DOKKEN Are "Halfway Done" With New Studio Album - "I Wrote A Tongue-In-Cheek Song About A Guy Who Is Running The Country And Feels He Has No Limitations Or Rules," Says DON DOKKEN

June 29, 2020, 13 days ago

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DOKKEN Are "Halfway Done" With New Studio Album - "I Wrote A Tongue-In-Cheek Song About A Guy Who Is Running The Country And Feels He Has No Limitations Or Rules," Says DON DOKKEN

In a new interview with Robert Cavuoto for My Global Mind, Don Dokken discusses the upcoming release The Lost Songs: 1978-1981, how he came across the tapes with these old songs, the work that went into completing them, the bands who influenced him at the time, and how the political unrest in America country now is influencing the writing of the next Dokken studio CD. An excerpt follows:

Robert Cavuoto: "I understand that you are working on a new Dokken CD, and knowing that you typically write from the heart, will you be singing about what is going on in our country with the election, the protests, and pandemic?

Don Dokken: "We are about halfway done with the record, and a lot of my lyrics are about what is going on now. Whether you are a fan of Trump or not, I see him as a little unhinged and trying to take over the planet, so I wrote a song called 'Hail To The King' about him. He has a king mentality. I’m not a political person at all; I don’t get involved in politics but when you see the craziness of the government and the guy firing his people daily like the Attorney General, and the Prosecutor it’s bizarre [laughing]. I wrote a tongue-in-cheek song about a guy who is running the country and feels he has no limitations or rules. That he can do whatever he wants like a king. I wrote another song about the insanity of these demonstrations. People have the right to march and protest the George Floyd situation, but you get these people who use it as an opportunity to rob and loot. They don’t care about George Floyd; they just want to go down there with a hammer and bust out windows to grab TVs, so I wrote a song called 'Rampage'. They are thugs, gang bangers, and crooks who want to take advantage of the situation while the police are doing their best to keep the crowds under control."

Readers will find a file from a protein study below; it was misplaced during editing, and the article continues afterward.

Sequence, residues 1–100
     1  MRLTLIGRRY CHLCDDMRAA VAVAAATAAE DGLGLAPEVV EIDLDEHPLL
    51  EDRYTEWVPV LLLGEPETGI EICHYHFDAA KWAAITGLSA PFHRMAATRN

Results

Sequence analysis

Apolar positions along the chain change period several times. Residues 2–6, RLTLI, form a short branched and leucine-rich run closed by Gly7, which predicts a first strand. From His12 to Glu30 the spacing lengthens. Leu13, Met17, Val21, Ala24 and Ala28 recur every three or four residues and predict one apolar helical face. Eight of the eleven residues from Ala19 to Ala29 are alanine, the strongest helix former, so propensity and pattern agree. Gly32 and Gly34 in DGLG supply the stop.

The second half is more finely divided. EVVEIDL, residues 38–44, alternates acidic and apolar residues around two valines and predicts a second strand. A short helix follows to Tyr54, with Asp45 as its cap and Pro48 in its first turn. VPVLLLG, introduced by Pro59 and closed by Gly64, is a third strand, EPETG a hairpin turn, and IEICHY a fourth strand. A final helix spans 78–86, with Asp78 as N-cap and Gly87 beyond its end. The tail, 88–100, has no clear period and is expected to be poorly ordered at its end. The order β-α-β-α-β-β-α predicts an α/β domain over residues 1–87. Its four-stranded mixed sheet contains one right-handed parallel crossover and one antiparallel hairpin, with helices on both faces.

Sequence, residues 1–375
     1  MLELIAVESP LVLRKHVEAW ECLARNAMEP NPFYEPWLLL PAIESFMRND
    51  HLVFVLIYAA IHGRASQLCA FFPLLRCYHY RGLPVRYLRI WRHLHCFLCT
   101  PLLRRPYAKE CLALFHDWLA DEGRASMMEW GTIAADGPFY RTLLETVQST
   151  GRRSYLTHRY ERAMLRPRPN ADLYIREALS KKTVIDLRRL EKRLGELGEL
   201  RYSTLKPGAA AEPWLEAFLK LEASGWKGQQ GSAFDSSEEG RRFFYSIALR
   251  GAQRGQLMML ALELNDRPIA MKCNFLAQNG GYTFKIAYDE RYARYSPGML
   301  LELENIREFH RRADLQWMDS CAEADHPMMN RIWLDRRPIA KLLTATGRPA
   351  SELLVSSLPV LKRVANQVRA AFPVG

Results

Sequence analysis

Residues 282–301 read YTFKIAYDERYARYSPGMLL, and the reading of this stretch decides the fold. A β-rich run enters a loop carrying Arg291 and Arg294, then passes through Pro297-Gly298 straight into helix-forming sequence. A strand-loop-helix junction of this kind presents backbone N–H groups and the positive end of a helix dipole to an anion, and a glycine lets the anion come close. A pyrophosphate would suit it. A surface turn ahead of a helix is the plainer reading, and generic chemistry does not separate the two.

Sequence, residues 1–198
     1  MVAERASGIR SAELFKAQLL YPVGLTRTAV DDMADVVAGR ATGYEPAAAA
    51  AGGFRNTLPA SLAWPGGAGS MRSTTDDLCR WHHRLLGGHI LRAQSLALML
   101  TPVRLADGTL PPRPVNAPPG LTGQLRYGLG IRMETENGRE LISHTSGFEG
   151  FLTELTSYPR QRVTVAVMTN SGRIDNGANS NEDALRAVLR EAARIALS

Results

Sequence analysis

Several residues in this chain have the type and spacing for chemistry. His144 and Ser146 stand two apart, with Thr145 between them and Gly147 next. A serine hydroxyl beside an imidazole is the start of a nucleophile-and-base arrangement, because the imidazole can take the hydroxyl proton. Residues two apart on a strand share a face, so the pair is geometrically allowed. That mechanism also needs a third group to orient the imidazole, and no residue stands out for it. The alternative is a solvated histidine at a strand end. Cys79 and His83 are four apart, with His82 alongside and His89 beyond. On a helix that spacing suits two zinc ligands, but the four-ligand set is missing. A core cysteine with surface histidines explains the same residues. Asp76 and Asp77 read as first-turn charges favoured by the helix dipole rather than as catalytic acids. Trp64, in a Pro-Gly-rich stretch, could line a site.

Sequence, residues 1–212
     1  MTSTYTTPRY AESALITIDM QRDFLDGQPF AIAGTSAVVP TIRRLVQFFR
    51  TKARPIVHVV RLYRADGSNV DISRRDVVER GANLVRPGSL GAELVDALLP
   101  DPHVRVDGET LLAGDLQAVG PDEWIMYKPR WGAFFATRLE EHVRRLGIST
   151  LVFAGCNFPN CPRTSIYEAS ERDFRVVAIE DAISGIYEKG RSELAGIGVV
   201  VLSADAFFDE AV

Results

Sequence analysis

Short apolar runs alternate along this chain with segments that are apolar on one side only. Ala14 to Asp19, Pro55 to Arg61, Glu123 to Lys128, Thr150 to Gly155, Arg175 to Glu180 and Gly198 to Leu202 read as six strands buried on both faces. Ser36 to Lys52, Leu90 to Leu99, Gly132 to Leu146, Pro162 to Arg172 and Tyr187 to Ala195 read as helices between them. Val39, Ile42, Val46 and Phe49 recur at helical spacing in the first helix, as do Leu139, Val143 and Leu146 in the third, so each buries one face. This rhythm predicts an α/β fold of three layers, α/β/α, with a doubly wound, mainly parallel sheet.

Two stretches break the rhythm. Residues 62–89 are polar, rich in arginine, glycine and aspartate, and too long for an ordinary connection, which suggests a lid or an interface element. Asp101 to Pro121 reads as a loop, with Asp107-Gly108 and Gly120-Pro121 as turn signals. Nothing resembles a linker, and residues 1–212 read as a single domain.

Read the complete interview at MyGlobalMind.com.

It wasn’t always multi-platinum sales and stadium gigs for Dokken. There was a first-phase and there were early days, and it is those bold first steps to stardom which are celebrated comprehensively on Dokken’s The Lost Songs: 1978-1981 album, out on August 28 via Silver Lining Music.

Featuring spectacular sleeve art by renowned US artist Tokyo Hiro (Motörhead, Motley Crüe), The Lost Songs: 1978-1981 show the crackle and craft of a hungry young Don Dokken as he embarked upon a journey which started in Southern California and Northern Germany. It is a trek which is testimony to the sheer endeavour and perseverance Don Dokken showed in those few years between 1978 and 1981, starting from when he spent time at a guitar store called Drake’s Music, owned by Drake Levin in Manhattan Beach, California.

A fair selection of the treasure on The Lost Songs: 1978-1981 are from these early European days. “Felony” carries a thuggish fuzz-coated riff -think early Van Halen in really greasy embroidered denims- while “Day After Day” showed that Don could pen a radio-slaying ballad.

The writing and creation of The Lost Songs: 1978-1981 are further tribute to enduring early days of struggle in both Germany and LA, Don would return to LA for a spell after those brief European gigs, and he worked with Croucier on material, including perhaps the truest view of Dokken’s then-future “Hit And Run”, which incredibly did not end up on the eventual Breaking The Chains release. From the sunbaked SoCal hook of “Step Into The Light” to the furious, fledgling, late-Sunset Strip sound of “Back In The Streets,” The Lost Songs: 1978-1981 shows Don in his unfettered early days of balls-out attitude, qualities doubtless forged in the sheer nature of the adventures undertaken in writing, recording and deciding Europe was the place to keep cutting his teeth.

The Lost Songs: 1978-1981 not only shares that magic with the fans, it gives them the final, vital and undeniably missing (until now) early album in the Dokken collection.

The Lost Songs: 1978-1981 is available for pre-order here on CD, Vinyl, digital formats and special D2C bundles.

The Lost Songs: 1978-1981 tracklisting:

"Step Into The Light"
"We’re Going Wrong"
"Day After Day"
"Rainbows"
"Felony"
"No Answer"
"Back In The Streets"
"Hit And Run"
"Broken Heart"
"Liar"
"Prisoner"

"Step Into The Light" video:

Musicians who appear on The Lost Songs: 1978-1981:

Don Dokken - vocals, guitar
Jon Levin - guitar
BJ Zampa - drums
Juan Croucier - bass
Greg Leon - guitar
Gary Holland - drums
Mick Brown - drums
George Lynch -guitar
Rustee Allen - bass
Bill Lordan - drums
Greg Pecka - drums



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